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Legal Docket - Undue influence

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WORLD Radio - Legal Docket - Undue influence

The American Bar Association exerts control over legal education


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NICK EICHER, HOST: It’s Monday, October 4th, 2021 and we’re glad you’ve come along with us for today’s edition of The World and Everything in It. Good morning. I’m Nick Eicher.

MARY REICHARD, HOST: And I’m Mary Reichard. It’s time for Legal Docket.

Today, the U.S. Supreme Court is back in action. This being the first Monday in October when the high court always begins a new term.

EICHER: It’s the 232nd year of operation for the court.

And as has been our practice—we’ll touch on every single oral argument the justices hear. That way if you follow along, you’ll know a little something about everything!

REICHARD: Right and that’ll start next Monday after I’ve had time to analyze the cases.

The court announced a difference in how it’ll conduct oral arguments. All last term, arguments were by phone, because of Covid. But today through at least December, the court will hear oral arguments in person, in the courtroom, with the justices, lawyers, essential personnel, and the press.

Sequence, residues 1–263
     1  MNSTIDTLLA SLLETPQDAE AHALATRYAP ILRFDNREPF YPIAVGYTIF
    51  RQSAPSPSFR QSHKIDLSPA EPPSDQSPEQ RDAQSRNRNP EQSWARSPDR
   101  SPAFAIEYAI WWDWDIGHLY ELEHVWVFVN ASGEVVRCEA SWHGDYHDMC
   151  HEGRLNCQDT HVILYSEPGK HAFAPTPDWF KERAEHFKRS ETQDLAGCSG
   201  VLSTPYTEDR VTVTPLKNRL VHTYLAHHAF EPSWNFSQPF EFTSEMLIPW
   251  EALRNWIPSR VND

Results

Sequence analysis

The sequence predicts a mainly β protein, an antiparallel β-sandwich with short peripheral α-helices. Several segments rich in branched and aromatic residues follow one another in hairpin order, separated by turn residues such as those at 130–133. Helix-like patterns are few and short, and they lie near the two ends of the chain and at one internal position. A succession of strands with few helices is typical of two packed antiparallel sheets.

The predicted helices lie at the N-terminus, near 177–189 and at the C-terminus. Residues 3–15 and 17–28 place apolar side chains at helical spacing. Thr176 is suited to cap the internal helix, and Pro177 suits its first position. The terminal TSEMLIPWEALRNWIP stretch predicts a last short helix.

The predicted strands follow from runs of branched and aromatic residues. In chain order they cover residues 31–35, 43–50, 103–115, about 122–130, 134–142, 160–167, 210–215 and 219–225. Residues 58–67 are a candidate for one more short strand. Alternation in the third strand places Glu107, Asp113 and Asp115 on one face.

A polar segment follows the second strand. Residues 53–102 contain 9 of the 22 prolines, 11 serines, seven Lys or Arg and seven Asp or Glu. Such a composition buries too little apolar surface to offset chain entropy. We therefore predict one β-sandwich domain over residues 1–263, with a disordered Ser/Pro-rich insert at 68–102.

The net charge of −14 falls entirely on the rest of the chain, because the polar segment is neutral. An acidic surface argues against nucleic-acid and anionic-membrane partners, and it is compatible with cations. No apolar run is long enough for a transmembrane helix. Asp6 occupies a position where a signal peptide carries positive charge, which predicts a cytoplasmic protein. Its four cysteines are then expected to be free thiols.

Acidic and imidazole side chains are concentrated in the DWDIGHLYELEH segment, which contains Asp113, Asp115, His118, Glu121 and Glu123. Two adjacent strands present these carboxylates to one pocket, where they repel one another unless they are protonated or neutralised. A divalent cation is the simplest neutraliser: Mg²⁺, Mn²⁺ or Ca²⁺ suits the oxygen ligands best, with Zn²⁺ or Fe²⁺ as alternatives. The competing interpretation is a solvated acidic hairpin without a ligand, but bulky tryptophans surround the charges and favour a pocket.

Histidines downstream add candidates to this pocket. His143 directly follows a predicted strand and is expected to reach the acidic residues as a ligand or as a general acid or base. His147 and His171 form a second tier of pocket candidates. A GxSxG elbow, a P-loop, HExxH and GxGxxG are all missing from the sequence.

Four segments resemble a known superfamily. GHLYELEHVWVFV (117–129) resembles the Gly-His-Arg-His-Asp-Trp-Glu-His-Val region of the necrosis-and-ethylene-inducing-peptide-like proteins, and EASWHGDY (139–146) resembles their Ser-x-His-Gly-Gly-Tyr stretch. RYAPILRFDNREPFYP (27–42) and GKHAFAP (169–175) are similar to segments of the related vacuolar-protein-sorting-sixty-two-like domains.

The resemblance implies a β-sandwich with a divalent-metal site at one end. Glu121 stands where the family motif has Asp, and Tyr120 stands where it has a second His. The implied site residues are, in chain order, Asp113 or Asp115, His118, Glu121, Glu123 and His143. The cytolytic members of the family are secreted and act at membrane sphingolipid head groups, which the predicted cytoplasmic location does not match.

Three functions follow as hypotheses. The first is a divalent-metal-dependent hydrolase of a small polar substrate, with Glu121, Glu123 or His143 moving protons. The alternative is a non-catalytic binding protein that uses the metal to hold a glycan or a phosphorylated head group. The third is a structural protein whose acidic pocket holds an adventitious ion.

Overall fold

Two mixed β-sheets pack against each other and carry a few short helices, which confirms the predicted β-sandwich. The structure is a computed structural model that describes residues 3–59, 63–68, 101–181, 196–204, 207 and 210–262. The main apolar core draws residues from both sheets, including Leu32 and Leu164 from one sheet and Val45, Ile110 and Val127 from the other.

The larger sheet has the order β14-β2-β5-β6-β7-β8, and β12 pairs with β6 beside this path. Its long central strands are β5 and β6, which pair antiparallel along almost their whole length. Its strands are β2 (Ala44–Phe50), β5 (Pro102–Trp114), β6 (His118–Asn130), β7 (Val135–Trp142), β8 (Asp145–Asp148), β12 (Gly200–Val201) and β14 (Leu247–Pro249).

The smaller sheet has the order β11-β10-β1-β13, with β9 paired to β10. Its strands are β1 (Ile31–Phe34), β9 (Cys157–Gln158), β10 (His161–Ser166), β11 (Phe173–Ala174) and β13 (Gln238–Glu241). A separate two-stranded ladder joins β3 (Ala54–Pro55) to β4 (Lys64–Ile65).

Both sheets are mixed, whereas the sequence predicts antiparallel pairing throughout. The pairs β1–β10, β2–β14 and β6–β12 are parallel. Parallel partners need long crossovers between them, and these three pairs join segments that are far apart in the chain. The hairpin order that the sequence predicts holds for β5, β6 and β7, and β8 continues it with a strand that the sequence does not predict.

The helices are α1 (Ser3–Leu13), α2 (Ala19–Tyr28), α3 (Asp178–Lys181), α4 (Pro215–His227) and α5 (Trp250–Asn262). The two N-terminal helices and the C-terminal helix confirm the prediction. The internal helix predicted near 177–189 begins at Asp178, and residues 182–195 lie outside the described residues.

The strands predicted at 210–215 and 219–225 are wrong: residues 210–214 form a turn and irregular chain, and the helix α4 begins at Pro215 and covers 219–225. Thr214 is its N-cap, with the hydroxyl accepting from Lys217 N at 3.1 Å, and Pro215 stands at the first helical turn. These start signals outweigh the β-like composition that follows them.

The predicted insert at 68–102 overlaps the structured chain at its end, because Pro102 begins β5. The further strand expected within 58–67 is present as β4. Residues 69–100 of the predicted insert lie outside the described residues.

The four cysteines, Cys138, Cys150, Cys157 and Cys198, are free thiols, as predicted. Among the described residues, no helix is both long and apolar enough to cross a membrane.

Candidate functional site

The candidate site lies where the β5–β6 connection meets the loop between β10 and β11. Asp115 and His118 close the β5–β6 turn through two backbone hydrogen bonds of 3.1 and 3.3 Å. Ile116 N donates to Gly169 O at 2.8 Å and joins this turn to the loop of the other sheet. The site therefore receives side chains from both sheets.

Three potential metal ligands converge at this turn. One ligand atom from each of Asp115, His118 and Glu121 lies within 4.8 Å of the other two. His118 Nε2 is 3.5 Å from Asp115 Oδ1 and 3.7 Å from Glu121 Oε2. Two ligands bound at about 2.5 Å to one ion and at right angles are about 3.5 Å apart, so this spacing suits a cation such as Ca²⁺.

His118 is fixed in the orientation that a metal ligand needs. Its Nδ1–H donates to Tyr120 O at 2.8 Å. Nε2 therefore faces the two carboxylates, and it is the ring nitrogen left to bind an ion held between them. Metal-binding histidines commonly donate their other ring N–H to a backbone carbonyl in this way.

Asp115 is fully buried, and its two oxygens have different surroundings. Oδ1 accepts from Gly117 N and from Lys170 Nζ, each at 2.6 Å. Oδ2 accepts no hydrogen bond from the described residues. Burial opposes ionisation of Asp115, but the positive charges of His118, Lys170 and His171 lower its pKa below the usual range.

EICHER: Right, but not open to the public. Not yet.

And another change is the argument procedure.

Phone arguments were quite orderly. The Chief Justice called on each associate justice by name with a dedicated time for that justice to ask questions.

REICHARD: And that was great because we got to hear from Justice Clarence Thomas. He once went ten years without talking from the bench! He told C-Span back in 2009 why he didn’t like the open-floor, free-for-all method of justices interrupting the lawyers, taking up a lot of the time.

THOMAS: I think it's an opportunity for the advocate, the lawyers to fill in the blanks, to make their case to point out things, perhaps that they were not covered in the briefs or to emphasize things or to respond to some concerns, that sort of thing. In other words, to flesh out the case a little better. I think it's hard to have a conversation when nobody's listening. When you can't complete sentences or answers. Perhaps that's a southern thing, I don't know.

EICHER: So now it’ll be a hybrid. Not quite a southern thing, not quite a northern thing, maybe we’ll call it a midwestern thing: a little formality and a little free-for-all.